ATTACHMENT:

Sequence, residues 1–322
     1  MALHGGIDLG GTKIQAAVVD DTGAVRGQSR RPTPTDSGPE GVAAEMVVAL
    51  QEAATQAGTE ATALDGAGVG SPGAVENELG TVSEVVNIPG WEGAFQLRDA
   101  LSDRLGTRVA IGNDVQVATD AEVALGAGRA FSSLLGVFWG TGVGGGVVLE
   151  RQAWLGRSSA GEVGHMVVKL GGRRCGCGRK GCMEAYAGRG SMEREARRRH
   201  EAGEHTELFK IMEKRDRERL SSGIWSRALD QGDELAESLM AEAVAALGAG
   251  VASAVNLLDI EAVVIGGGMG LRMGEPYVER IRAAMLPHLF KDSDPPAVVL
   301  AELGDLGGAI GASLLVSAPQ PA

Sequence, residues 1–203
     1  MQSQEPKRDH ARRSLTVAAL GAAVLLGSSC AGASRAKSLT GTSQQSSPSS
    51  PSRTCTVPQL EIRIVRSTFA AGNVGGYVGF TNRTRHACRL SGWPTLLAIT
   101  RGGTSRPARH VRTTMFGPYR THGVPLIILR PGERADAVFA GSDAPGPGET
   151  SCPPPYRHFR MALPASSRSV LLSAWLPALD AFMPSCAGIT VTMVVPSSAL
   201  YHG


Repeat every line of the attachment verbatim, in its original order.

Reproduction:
Sequence, residues 1–322
     1  MALHGGIDLG GTKIQAAVVD DTGAVRGQSR RPTPTDSGPE GVAAEMVVAL
    51  QEAATQAGTE ATALDGAGVG SPGAVENELG TVSEVVNIPG WEGAFQLRDA
   101  LSDRLGTRVA IGNDVQVATD AEVALGAGRA FSSLLGVFWG TGVGGGVVLE
   151  RQAWLGRSSA GEVGHMVVKL GGRRCGCGRK GCMEAYAGRG SMEREARRRH
   201  EAGEHTELFK IMEKRDRERL SSGIWSRALD QGDELAESLM AEAVAALGAG
   251  VASAVNLLDI EAVVIGGGMG LRMGEPYVER IRAAMLPHLF KDSDPPAVVL
   301  AELGDLGGAI GASLLVSAPQ PA

Sequence, residues 1–203
     1  MQSQEPKRDH ARRSLTVAAL GAAVLLGSSC AGASRAKSLT GTSQQSSPSS
    51  PSRTCTVPQL EIRIVRSTFA AGNVGGYVGF TNRTRHACRL SGWPTLLAIT
   101  RGGTSRPARH VRTTMFGPYR THGVPLIILR PGERADAVFA GSDAPGPGET
   151  SCPPPYRHFR MALPASSRSV LLSAWLPALD AFMPSCAGIT VTMVVPSSAL
   201  YHG